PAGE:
walk to Cana is all uphill.)
- A royal official is going to walk 20-25 miles uphill
to ask a carpenter for help. What does that tell you
about this official?
- In the next series of questions, I ask you to imagine
that you are the royal official who is the father of
the dying son.
- Do you love your son? (You bet.)
- What measures have you taken to cure your son?
- What measures have you not taken to cure your
- Is it easy to go and beg Jesus? (You can bet the
father has done everything within his power.
Most likely his only remaining hope is Jesus. He
swallows his pride and goes and begs.)
- Focus on verse 47. What kind of attitude does the father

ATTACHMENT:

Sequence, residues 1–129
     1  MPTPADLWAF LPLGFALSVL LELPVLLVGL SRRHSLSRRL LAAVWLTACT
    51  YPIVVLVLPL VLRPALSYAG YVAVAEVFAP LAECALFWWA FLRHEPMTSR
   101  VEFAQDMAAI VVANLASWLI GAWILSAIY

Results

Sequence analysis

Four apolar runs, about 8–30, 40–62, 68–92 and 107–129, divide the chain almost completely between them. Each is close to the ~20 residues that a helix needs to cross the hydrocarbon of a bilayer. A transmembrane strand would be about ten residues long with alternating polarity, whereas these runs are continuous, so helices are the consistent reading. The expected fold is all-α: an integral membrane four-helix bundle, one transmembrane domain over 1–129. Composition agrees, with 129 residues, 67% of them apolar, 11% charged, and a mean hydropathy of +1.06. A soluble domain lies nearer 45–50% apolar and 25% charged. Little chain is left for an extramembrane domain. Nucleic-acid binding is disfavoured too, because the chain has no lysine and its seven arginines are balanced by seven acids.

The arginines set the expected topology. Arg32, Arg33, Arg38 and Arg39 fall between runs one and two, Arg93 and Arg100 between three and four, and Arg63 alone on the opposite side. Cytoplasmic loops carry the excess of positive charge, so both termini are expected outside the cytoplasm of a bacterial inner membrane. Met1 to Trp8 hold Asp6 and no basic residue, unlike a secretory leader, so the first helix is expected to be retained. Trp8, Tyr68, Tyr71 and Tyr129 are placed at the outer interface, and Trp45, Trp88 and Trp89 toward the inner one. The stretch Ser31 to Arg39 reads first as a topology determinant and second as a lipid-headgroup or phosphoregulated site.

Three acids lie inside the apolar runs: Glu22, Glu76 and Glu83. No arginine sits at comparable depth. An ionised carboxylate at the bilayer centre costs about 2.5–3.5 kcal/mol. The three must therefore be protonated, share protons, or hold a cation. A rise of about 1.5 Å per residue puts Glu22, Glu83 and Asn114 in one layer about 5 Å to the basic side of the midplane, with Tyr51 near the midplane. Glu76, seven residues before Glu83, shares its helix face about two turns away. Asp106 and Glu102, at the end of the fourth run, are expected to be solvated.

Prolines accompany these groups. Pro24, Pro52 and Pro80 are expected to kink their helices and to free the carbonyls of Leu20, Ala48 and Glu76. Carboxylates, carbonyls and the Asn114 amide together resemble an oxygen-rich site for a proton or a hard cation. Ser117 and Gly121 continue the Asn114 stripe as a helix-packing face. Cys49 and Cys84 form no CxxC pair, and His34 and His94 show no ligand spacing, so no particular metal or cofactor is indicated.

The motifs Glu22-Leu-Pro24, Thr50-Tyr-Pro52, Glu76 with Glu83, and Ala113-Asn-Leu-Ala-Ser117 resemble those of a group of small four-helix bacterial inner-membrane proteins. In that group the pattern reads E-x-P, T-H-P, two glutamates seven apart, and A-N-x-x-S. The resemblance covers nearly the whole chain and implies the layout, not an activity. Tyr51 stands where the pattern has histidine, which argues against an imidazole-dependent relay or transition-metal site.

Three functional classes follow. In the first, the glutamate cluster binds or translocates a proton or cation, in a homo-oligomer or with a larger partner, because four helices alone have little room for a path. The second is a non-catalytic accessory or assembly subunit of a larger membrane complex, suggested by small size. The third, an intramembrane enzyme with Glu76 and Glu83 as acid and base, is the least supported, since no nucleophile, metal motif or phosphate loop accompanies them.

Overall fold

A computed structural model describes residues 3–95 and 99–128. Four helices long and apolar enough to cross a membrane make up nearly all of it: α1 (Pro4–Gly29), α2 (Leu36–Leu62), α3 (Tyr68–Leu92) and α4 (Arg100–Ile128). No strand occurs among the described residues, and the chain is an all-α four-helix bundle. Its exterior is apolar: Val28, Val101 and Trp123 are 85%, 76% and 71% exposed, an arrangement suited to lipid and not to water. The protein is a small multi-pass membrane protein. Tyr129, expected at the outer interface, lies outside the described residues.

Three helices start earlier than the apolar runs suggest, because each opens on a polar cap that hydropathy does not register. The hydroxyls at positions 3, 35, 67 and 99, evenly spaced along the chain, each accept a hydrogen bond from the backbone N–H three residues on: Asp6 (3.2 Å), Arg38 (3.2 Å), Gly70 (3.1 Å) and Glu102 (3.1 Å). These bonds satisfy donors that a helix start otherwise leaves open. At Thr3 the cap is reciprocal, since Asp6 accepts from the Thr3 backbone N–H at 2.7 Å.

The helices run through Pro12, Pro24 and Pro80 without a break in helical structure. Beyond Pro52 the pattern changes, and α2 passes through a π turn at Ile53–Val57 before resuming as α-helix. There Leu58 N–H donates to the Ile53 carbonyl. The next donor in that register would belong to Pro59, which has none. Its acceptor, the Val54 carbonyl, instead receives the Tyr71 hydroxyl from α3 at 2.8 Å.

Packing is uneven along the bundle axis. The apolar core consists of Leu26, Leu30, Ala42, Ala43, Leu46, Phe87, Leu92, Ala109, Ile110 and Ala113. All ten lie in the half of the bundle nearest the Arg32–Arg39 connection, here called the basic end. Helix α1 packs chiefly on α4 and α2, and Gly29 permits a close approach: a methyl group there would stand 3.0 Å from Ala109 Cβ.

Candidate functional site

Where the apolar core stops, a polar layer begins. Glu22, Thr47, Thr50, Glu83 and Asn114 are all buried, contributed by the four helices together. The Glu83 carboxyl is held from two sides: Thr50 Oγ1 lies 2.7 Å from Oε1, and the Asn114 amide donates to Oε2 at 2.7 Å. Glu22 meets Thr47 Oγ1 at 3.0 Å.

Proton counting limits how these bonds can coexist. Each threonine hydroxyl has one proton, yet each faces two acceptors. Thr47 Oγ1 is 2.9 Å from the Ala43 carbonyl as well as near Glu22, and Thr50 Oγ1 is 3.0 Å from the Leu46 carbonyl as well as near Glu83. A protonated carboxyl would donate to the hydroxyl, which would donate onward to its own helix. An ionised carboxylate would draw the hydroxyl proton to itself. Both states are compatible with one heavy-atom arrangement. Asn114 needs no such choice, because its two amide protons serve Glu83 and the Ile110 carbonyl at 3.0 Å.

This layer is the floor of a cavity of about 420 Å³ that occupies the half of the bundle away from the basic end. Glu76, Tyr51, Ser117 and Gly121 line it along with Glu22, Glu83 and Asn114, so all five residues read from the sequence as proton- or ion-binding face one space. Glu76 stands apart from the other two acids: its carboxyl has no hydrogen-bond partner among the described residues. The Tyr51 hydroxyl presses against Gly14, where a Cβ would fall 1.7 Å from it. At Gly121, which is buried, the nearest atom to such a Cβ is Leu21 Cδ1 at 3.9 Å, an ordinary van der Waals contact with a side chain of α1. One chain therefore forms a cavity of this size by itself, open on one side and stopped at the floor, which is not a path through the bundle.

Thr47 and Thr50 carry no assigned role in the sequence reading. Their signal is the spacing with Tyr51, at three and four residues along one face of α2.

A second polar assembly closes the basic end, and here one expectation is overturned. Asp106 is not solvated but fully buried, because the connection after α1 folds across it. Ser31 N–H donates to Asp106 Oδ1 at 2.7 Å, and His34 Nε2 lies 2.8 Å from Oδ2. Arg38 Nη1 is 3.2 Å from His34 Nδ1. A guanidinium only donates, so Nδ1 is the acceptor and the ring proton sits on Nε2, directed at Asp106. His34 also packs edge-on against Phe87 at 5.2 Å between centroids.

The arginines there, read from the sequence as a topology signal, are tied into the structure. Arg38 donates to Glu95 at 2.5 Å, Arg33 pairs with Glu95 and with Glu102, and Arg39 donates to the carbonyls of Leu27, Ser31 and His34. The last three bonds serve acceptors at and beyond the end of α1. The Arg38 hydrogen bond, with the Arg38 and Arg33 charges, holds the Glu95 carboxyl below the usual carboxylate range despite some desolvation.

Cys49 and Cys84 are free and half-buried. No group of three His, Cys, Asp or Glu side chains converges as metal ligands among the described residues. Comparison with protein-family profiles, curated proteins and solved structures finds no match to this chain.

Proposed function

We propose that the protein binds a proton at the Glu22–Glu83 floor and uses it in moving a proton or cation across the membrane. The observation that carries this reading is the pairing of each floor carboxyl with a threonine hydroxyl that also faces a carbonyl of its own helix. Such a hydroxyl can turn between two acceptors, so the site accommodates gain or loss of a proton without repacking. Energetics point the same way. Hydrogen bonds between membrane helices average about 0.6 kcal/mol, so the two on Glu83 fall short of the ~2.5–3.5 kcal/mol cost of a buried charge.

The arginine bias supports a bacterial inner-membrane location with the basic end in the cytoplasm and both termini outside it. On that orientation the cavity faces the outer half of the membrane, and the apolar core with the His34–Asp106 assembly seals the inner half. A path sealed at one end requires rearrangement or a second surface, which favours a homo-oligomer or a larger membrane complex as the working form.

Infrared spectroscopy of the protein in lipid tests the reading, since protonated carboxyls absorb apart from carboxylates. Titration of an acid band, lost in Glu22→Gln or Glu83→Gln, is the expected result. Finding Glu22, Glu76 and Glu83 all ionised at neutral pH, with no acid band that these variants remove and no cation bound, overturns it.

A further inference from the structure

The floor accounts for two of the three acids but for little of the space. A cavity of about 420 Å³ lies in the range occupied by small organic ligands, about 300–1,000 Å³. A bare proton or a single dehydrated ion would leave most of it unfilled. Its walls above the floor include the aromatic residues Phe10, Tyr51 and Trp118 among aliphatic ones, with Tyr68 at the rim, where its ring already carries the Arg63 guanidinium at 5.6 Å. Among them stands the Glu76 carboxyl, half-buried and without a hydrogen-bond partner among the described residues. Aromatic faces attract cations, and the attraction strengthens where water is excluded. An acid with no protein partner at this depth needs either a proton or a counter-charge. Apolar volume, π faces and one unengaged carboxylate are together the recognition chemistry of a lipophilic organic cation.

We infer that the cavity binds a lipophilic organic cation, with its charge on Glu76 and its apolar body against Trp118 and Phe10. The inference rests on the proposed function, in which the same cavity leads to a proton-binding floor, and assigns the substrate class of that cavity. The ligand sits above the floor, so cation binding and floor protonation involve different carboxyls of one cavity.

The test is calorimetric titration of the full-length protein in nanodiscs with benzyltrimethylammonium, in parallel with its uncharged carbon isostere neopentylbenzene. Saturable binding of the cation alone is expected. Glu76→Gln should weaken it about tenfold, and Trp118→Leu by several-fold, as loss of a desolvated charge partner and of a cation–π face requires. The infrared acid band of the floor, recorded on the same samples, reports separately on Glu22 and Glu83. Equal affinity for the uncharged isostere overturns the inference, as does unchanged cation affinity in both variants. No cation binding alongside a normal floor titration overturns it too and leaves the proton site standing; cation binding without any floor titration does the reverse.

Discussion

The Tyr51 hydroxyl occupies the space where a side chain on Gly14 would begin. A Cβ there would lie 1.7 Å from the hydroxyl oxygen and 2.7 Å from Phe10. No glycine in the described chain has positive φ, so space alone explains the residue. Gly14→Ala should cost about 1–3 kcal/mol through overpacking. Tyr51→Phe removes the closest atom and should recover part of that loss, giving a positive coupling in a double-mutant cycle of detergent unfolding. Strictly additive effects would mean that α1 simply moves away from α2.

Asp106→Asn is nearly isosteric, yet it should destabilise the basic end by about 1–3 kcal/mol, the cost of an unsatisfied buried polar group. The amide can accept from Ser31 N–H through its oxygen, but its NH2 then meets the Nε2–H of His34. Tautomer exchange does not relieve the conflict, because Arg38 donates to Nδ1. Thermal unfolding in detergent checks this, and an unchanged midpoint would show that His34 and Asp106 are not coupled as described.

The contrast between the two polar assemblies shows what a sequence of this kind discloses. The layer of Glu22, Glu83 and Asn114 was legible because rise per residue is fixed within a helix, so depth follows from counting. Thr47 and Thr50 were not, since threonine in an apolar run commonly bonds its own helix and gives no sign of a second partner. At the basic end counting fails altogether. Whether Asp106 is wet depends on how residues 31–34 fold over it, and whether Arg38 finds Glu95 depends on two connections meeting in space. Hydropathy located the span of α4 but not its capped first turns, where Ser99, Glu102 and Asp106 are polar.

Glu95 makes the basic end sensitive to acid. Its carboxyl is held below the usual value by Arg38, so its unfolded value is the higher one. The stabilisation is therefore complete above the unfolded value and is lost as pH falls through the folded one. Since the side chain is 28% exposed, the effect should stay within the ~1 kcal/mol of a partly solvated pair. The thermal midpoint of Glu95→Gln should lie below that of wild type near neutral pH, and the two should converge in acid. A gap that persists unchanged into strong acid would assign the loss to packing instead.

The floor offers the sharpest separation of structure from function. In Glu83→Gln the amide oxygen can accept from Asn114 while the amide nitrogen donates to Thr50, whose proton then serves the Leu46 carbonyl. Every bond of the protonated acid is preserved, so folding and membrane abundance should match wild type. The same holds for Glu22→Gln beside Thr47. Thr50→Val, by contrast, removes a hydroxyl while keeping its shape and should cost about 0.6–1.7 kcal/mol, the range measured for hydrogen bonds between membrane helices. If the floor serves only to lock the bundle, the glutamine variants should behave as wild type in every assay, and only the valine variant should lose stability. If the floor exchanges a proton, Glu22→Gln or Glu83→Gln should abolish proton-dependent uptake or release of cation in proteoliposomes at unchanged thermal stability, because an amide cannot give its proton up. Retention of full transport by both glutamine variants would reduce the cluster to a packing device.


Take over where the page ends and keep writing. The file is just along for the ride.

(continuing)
show towards Jesus? (An attitude of belief. He begged
Jesus to come and heal his son.)
- Why would Jesus have to go to his son? Why does the
father ask Jesus to go 20-25 miles to heal his son?
(Review in your mind the miracles of healing in the
Bible. Very few are done remotely. Almost always the
healer comes to the person to be healed.)
- Does the fact that the father asks Jesus to come
to his son show a lack of faith? (I don't think
so. Our lesson says, "yes" to this question.
Jesus is about to opine on the faith issue, so
let's read on.)
- Believing Without Seeing
- Read John 4:48. Is Jesus speaking to the father or is
Jesus just making this statement in the abstract?
- Has the father asked to see a miracle? (Yes. On a
very simply level he is asking for a miracle for his
- Is the father asking to see a miracle before he
will believe in Jesus? (No. He came to Jesus and
asked for a healing. He did not say, "heal